Bucket biology is bad.
That's the message the governor's five-person Fish, Wildlife and Parks Commission communicated on Jan. 9 when it approved a new set of rules to combat the illegal introduction of aquatic wildlife into Montana's lakes, rivers and streams.
At a meeting in Helena, the commissioners unanimously supported legal measures that will shore up FWP's efforts to respond to illegal fish introductions. If the new rules are officially adopted, the agency will have to conduct an investigation within 30 days of learning about introduced invasive species. The agency will also have a variety of management options open to it, including the use of fish barriers, nets, habitat manipulation and chemicals. These new measures are now subject to public comment.
The proposed rules are a response to the increasing prevalence of "bucket biology," a practice in which anglers and others introduce non-native species like northern pike, walleye and carp into waterways to increase fishing opportunities.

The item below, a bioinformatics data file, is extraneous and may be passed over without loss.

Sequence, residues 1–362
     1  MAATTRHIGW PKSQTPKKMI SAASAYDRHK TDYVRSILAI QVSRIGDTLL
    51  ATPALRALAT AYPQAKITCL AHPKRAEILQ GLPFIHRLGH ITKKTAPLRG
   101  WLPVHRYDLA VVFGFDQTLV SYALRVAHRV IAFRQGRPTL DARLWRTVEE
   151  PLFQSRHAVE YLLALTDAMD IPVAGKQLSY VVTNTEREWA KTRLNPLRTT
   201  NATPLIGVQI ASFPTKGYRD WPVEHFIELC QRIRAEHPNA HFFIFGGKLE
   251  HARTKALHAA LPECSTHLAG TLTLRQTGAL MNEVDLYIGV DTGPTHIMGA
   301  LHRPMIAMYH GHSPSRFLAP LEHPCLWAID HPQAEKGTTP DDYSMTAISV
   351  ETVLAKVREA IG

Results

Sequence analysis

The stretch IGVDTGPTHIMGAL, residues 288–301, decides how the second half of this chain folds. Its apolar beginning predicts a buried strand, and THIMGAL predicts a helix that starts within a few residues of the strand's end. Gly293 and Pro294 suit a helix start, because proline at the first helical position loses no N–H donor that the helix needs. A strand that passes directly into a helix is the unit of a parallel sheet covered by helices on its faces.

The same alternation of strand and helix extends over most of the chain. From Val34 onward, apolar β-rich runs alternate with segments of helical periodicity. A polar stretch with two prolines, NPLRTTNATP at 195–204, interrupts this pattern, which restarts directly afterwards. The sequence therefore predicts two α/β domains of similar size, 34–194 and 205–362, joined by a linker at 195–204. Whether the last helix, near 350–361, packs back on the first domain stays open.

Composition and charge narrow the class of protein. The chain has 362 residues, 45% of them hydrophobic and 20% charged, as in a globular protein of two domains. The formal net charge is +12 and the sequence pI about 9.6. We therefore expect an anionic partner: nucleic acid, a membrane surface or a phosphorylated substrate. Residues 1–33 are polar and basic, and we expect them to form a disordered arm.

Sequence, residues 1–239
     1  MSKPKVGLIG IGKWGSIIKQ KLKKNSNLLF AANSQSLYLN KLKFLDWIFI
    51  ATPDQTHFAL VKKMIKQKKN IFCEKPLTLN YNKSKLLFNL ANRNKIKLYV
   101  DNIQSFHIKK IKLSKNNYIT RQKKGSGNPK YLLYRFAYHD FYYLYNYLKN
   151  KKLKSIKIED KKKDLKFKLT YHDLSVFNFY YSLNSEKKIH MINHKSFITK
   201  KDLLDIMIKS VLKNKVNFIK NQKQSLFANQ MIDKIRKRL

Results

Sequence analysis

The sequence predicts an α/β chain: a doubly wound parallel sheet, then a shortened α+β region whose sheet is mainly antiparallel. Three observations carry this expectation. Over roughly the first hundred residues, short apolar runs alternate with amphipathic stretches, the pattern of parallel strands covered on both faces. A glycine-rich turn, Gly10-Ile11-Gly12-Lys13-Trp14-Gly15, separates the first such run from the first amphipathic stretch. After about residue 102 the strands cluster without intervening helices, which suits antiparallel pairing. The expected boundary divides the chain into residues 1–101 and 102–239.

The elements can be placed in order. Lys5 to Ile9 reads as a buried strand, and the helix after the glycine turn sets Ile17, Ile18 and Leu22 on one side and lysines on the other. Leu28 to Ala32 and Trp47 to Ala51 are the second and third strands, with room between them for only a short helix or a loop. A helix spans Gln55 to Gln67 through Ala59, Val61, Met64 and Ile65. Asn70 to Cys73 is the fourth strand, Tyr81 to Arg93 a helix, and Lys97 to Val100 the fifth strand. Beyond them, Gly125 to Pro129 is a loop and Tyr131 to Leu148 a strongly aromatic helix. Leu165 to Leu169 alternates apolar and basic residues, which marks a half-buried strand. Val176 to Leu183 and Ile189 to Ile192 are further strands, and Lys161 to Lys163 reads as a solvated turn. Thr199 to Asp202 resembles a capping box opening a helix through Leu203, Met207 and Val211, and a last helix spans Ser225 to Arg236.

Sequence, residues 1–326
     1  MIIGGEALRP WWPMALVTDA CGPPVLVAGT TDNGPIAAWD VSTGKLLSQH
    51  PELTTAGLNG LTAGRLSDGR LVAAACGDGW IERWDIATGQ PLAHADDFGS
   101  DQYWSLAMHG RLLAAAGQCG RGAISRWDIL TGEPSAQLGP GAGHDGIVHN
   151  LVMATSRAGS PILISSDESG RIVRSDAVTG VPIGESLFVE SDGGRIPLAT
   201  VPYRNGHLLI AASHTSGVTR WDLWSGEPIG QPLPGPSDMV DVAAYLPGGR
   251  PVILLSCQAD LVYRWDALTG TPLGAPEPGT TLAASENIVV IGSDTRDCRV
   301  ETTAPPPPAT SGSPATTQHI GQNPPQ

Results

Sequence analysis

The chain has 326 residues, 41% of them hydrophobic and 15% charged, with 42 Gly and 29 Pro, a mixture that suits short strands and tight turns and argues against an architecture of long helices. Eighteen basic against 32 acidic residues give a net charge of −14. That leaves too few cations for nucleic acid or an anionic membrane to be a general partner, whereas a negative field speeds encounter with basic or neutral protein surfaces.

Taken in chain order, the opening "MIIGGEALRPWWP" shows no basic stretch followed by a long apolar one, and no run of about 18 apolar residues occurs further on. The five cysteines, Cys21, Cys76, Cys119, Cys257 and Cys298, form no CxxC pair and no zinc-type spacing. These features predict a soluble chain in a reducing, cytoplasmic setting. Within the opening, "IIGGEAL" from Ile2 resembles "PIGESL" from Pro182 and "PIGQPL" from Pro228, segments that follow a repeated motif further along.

"All this does is take long-standing FWP policies and puts them into an administrative rule and gives them the force of law," says Dan Vermillion, the commission chairman. "We have illegal introductions occurring with more regularity, on the West side of the divide in particular, and people bringing warm water fish into cold water fisheries."
Bruce Farling, executive director at Montana Trout Unlimited, says the new administrative rules are a sign that the state is taking the bucket biology problem more seriously.
"The problem is we have a bunch of people in this state who take it upon themselves to introduce species all across waters in Montana that are not native to the area and generally have a harmful effect," says Farling. "They are doing it without any sort of biological analysis, without talking to the folks who fish these particular waters. It is armchair fisheries management and it is illegal. ... These guys are vandals."
FWP estimates that there have been 538 illegal or unauthorized introductions in the state since it began keeping records, with the majority of those introductions in western Montana.